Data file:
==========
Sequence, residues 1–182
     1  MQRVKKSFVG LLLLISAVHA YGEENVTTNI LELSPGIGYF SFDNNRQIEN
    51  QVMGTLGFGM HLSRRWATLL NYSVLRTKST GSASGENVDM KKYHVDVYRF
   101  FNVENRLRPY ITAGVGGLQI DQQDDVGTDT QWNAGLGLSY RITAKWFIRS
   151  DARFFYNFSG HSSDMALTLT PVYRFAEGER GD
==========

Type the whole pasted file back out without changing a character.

Sequence, residues 1–182
     1  MQRVKKSFVG LLLLISAVHA YGEENVTTNI LELSPGIGYF SFDNNRQIEN
    51  QVMGTLGFGM HLSRRWATLL NYSVLRTKST GSASGENVDM KKYHVDVYRF
   101  FNVENRLRPY ITAGVGGLQI DQQDDVGTDT QWNAGLGLSY RITAKWFIRS
   151  DARFFYNFSG HSSDMALTLT PVYRFAEGER GD